Hibernate Tips is a series of posts in which I describe a quick and easy solution for common Hibernate questions. If you have a question you like me to answer, please leave a comment below.
I want to exclude some records from an association mapping. How can I filter the elements of a mapped entity association?
Don’t want to read? You can watch it here!
You can use Hibernate’s @Where annotation to define an SQL clause which filters the elements of a mapped association.
Let’s take a look at an example. Books can be published in different formats, e.g. as an ebook or as a paperback. You can model that with a Book entity and a Format enum.
Each Book was written by one or more authors. So, you need a many-to-many association between the Book and the Author entity. As you can see in the code snippet, I modeled that as a typical many-to-many association on the Book entity.
You could, of course, do the same on the Author entity. But let’s say you want to use different associations for ebooks and physical books. In that case, you need to define 2 associations on the Author entity and filter them accordingly.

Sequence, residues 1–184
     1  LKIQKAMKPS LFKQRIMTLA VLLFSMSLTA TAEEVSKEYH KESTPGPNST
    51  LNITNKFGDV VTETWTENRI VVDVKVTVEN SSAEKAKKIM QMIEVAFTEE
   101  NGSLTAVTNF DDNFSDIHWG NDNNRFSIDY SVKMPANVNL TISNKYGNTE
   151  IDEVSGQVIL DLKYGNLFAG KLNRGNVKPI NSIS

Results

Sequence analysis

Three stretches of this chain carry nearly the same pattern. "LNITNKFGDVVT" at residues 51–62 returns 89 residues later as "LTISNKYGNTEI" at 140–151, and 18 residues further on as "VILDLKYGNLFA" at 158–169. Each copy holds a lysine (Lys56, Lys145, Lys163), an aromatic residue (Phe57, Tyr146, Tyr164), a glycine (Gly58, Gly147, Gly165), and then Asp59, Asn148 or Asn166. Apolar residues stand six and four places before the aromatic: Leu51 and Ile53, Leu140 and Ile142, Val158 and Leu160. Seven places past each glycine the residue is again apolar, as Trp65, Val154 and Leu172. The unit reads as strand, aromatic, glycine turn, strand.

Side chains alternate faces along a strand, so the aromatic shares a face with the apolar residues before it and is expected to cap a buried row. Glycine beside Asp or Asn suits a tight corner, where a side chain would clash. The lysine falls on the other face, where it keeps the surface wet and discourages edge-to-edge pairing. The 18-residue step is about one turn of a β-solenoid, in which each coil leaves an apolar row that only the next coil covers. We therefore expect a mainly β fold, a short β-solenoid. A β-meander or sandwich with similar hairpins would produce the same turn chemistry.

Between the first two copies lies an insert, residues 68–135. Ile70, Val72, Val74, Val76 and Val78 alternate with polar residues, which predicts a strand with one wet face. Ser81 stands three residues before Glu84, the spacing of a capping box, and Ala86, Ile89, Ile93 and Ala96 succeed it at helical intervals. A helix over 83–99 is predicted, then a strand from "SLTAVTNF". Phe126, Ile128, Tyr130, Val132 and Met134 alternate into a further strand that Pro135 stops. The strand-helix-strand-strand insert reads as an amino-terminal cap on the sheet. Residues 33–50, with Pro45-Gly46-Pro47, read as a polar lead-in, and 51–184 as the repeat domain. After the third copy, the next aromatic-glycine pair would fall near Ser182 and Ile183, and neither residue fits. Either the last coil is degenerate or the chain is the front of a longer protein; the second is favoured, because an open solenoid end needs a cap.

As you can see in the following code snippet, you can easily do that with a @Where annotation. You just need to provide an SQL expression which Hibernate adds to the WHERE clause of the SQL statement.
When you now load an Author entity and initialize the associations, Hibernate executes independent SQL statements to get the elements of the ebooks and printBooks association and uses the provided SQL snippet in the WHERE clause.
Get this Hibernate Tip as a printable PDF!Join the free Thoughts on Java Library to get access to lots of member-only content, like a printable PDF for this post, lots of cheat sheets and 2 ebooks about Hibernate.
Another common use case for Hibernate’s @Where annotation is the implementation of a soft delete. I explain that in more detail in How to implement a soft delete with Hibernate.
Hibernate Tips Book
It gives you more than 70 ready-to-use recipes for topics like basic and advanced mappings, logging, Java 8 support, caching and statically and dynamically defined queries.
Get it now as a paperback, ebook or PDF.